THE TITHE #5 [Review]


Several months ago Samantha Copeland was a counter-culture hero, though nobody knew her name. As the brains behind the hacktivist group Samaritan, Sam hacked the accounts of several prominent mega-churches she’d discovered were fleecing their parishioners. Samaritan then donated the stolen wealth to charity while exposing the moral and legal misdeeds of the wolfish clergy to their flocks.  While having little faith in anything personally, Samantha has strong opinions on those who would abuse the faith of others.

Things went south when Samaritan’s activities ventured into the realm of physical robberies. Innocent people were killed in a shoot-out with one church’s private security force and Samantha’s life-long friend Kyle abandoned their principles in a bid for revenge on those he blamed for the death of his brother. To prevent further deaths, Samantha turned herself in and earned herself a job with the FBI and several years probation.

Now, Samantha is partnered with the same agents once tasked with bringing her to justice – life-long company man Dwayne Campbell and fellow white-hat hacker James Miller. Despite regulations and themselves, Sam and James have begun to develop a romantic relationship. But any thoughts of love will have to wait, as the three of them take on a new case.

A terrorist bomb destroyed Saint Patrick’s Cathedral in New York City, apparently triggered by a Muslim teen immigrant. The incident has spurred a new wave of violence against American Muslims. It has also kicked-off a record fundraising effort for Senator Owen McKitrick – a presidential candidate and former pastor. But could there be more than meets the eye to the mysterious new Brotherhood Of The Islamic Crescent that is taking credit for the attack?


It might be impertinent to say that The Tithe has been blessed to be timely. Its first issue – based around the excesses of American mega-churchs and the prosperty gospel – released the same week that a prominent mega-church pastor came under fire for asking for donations to buy a $65 million private jet. This issue – the first part in a story line titled Islamophobia – finds itself hitting the stands in the wake of the Ahmed Mohammed case and several presidential candidates making anti-Muslim statements.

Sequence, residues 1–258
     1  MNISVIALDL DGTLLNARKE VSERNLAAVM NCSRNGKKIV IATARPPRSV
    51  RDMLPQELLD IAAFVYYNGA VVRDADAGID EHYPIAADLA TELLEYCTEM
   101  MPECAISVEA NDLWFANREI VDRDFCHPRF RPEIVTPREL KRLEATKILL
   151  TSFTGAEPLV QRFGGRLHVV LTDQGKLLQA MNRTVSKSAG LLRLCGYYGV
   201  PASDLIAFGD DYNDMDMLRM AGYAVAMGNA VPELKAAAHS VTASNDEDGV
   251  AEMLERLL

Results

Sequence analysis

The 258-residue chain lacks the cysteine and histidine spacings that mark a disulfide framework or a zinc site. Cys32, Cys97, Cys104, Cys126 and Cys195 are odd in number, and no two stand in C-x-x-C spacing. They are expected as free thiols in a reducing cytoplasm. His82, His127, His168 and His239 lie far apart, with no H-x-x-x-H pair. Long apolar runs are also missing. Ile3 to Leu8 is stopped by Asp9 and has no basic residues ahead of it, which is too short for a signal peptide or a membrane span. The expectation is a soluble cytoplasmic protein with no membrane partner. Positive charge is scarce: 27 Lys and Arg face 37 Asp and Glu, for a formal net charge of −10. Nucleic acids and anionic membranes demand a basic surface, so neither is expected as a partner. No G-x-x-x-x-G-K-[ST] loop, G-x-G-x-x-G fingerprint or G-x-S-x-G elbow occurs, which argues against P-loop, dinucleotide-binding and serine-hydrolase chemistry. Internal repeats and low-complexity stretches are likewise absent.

Any story that tries to be timely and deal with real-world issues runs the risk of being preachy. Thankfully, Matt Hawkins avoids this pitfall. He does this primarily by depicting the action of the story from multiple perspectives and focusing on personalities rather than events. This marks The Tithe as unique among police procedural series.

Another point in Hawkins’ favor is that his characters are nuanced beings rather than broad stereotypes. Agent Dwayne Campbell, for instance, is a devout Christian who leaves his faith at the door when it comes to his work, yet he struggles with his daughter’s conversion to Islam despite his belief in American equality. Agnostic James Miller is quick to paint all people of faith with a broad brush in his sarcastic quips yet he admonishes his partner for doing the same thing with his sexist attitude, saying “I think treating women like a problem that needs solving… might be the problem.”


The art team does a fine job of making the book visually interesting, despite a lack of action sequences after the opening scene in the church. The perspective shifts from panel to panel, giving the impression of movement throughout.  This in spite of most of the issue being devoted toward conversations between talking heads!

If you missed out on the open arc of The Tithe, you might look into picking up the recent collection of the first four issues. But if you can’t do that, rest assured that you can jump into this book with no previous knowledge of the story so far being necessary. This issue is a good starting point for new readers and a great read.Rating 5

Leave a Reply

Fill in your details below or click an icon to log in: Logo

You are commenting using your account. Log Out /  Change )

Google photo

You are commenting using your Google account. Log Out /  Change )

Twitter picture

You are commenting using your Twitter account. Log Out /  Change )

Facebook photo

You are commenting using your Facebook account. Log Out /  Change )

Connecting to %s